Saturday, June 9, 2012

More on Slutwalk 2012;

A few weeks ago I attended Brisbane's 2012 Slutwalk - a movement I have strongly agreed with since I first heard about it on the blogging platform Tumblr around this time last year. For my Reporting class, I made a video detailing my experiences at Slutwalk, which you can watch here.

For a bit of context, Slutwalk began in Ontario, Canada, on April 3rd 2011, as a widespread response to one police officer's unashamed statement that to attempt to avoid getting raped, "Women should stop dressing like sluts." Popular opinion and societal expectations may tie in with this view, however the women who originally organised Slutwalk felt that this was an outdated, disgusting notion that was offensive not only to victims of sexual violence and assault; but all men - it implies that men are animals who cannot control themselves around attractive, scantily clad women, and they are almost EXPECTED to rape women who 'lead them on'. Slutwalk does not believe this. Slutwalk does not shame men; it encourages men to participate, to stand up and say, no, you can wear what you like, I'm still going to respect you and your personal boundaries because the length of your skirt has nothing to do with your willingness to sleep with me.

Many men were in attendance at last month's Slutwalk, which I think is just amazing. I've spoken to a lot of boys my own age who disagree with the movement because, "It encourages women to be whores and just sleep with everyone" - yeah, right? Some boys I've spoken to even agree with the original statement that began Slutwalk. To them, I would like to extend an invitation to speak to their mothers, sisters, female friends, girlfriends and, in the future, daughters, and hopefully come to an understanding of just how wrong they are.

Slutwalk Brisbane stopped traffic, with cries such as "Hey hey, ho ho, sexual violence has got to go!" ringing the streets and many passersby and tourists stopping to take our pictures, some even taking the time to ask exactly what it is we were doing and why we were there - reactions like this are a huge part of why I will always believe in the power of protest, and the possible implications of like-minded people gathering together to be vocal about their causes.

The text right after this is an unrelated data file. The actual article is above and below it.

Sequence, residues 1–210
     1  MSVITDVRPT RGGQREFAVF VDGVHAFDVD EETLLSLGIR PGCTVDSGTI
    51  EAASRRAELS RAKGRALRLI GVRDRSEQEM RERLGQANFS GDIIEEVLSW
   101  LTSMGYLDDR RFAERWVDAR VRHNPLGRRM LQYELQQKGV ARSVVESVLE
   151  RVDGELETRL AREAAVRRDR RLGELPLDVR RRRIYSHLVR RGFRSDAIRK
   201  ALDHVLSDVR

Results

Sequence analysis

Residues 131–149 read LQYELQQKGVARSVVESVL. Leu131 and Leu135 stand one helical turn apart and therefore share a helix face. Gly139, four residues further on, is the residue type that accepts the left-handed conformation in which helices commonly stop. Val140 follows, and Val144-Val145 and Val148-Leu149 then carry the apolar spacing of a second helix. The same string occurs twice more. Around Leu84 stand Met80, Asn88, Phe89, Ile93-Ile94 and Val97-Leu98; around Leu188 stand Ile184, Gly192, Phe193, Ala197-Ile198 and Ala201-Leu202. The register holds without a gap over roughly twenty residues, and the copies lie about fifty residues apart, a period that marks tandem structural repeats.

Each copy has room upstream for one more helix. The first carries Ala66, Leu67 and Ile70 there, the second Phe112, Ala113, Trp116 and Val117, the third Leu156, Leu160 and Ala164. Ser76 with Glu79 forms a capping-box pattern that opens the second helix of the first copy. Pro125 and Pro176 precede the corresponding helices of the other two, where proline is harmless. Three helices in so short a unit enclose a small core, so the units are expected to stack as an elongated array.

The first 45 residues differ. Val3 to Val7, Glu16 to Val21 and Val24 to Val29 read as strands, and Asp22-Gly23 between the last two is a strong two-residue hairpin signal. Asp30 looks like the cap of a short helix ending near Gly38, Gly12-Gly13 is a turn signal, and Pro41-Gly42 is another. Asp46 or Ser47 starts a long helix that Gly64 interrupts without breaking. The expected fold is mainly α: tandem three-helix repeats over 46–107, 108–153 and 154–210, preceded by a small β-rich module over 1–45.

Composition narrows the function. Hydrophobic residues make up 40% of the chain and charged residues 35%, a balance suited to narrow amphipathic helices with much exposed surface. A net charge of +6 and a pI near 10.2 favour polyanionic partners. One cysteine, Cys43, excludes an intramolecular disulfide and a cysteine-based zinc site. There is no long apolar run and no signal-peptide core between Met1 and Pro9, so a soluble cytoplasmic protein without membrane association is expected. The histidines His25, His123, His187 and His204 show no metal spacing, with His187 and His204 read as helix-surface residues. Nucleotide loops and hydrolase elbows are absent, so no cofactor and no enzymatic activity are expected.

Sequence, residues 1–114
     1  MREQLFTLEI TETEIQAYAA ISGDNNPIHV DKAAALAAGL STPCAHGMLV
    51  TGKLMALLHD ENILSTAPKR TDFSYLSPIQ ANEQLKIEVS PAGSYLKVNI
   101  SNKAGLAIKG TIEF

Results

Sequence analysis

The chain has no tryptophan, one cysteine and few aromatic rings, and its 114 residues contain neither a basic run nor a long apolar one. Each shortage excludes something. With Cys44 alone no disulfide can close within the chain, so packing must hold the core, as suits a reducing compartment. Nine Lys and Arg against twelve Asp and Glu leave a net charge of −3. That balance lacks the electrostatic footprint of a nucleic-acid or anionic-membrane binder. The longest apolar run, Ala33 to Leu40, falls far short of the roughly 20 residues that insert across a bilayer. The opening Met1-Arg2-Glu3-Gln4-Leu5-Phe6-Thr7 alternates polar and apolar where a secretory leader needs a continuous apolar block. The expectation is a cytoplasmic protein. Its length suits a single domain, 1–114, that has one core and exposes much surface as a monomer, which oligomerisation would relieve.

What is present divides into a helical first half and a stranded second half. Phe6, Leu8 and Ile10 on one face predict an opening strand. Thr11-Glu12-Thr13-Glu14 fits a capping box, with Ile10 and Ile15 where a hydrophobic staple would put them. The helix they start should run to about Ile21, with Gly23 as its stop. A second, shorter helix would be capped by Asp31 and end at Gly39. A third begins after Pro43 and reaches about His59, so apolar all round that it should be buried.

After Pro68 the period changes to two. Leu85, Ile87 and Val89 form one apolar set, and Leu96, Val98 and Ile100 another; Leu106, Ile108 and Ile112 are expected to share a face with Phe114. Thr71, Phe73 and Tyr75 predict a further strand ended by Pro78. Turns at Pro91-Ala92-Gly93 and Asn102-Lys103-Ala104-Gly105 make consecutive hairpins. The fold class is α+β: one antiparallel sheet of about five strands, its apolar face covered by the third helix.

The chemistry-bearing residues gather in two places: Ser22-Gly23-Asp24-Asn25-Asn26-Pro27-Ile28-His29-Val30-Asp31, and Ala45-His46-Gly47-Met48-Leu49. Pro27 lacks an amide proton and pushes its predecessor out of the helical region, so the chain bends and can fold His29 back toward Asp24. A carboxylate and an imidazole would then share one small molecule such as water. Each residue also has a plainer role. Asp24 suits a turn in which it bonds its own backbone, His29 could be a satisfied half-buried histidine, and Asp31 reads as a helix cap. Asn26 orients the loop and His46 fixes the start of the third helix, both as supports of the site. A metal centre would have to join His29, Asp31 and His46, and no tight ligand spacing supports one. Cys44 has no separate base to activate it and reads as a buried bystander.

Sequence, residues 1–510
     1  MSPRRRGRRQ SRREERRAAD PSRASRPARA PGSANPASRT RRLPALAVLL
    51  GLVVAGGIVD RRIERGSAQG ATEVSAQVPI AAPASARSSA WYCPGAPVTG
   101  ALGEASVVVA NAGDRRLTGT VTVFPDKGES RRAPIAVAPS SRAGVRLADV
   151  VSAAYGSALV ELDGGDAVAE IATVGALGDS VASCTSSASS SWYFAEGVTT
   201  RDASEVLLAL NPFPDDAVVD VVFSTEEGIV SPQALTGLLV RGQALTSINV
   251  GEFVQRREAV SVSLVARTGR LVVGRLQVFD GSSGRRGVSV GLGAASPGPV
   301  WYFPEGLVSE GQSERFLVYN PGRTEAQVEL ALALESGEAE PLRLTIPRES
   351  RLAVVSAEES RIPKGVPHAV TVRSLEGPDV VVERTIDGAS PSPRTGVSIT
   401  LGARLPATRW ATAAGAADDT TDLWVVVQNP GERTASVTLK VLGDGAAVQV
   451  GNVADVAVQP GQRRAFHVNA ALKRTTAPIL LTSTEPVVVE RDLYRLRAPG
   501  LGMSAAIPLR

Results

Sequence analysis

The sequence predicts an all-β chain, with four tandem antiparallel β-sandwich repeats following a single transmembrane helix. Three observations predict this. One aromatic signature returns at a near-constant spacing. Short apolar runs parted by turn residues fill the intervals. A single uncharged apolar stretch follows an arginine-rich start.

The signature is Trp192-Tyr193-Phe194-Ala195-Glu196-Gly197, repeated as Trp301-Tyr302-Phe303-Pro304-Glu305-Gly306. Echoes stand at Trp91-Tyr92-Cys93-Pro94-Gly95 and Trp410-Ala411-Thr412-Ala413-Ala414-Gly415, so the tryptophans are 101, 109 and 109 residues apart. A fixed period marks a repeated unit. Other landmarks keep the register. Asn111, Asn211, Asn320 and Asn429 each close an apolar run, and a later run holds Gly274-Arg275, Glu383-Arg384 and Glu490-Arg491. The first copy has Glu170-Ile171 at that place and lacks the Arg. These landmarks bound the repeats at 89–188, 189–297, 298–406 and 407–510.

Not everyone had positive reactions to us, however.
Before the march even began, when we were simply standing around King George Square listening to speeches, comparing signs, telling stories and complimenting one another's fabulous outfits, a girl I later interviewed was subject to the oh-so-witty and relevant taunt of, "Fucking slut! Yuck, you're such a whore!!!" from a snapback-wearing fifteen-year-old male.
Her reaction was to laugh at him and refuse to allow his slut-shaming to affect her day - however this abuse, even at a Slutwalk event, really got me thinking as to the ways in which our society raises boys. Girls being taught that their sexuality is a 'prize' is a whole other kettle of fish; when parents teach their little boys the virtue of "purity" and "saving yourself" (only in relation to the female gender, mind you) then yet another generation of misogynists are born.
I believe that over the next few years, Slutwalk should have a large focus on the male gender; inviting males of all ages to come along and hear the stories of their female contemporaries; a focus on parents and how to raise children to believe that any and all genders and sexualities are equal and need to be treated with the same amount of respect; the idea of "teaching men not to rape", etc. We can scream and shout about these things as much as we like, but until we start taking positive steps towards implementing what we believe to be right into society and generations to come, we may as well be talking to brick walls.

Overall, Slutwalk was a positive experience for me and everyone I spoke to. I do think, however, that Slutwalk is a largely misunderstood movement, and for it to become spoken about and respected on a global level there needs to be a higher focus on education, rather than simply assuming that everyone in attendance is doing so because they understand and support the cause.

I have had many mixed reactions to my support of Slutwalk, so I thought it would be interesting to reach out to a wider audience with a diverse demographic - I asked my followers on Tumblr, "What do you personally think about the Slutwalk movement?" and these were some of the responses I received:
"I personally think it’s fab, it’s for something I agree with a lot and would love to go on the march, although some people I feel don’t represent it the way I think it should be represented."
"I love that people do it, but hate the fact that we live in a society where anyone would even have to." 
"Sanguinetti’s comment was brutally honest, but honest still. If you’re prepared to dress or act in a way that promotes attention to yourself than also be prepared to take attention, good and bad. HOWEVER rape is never excused by a victim’s appearance."
(All photos found here.)

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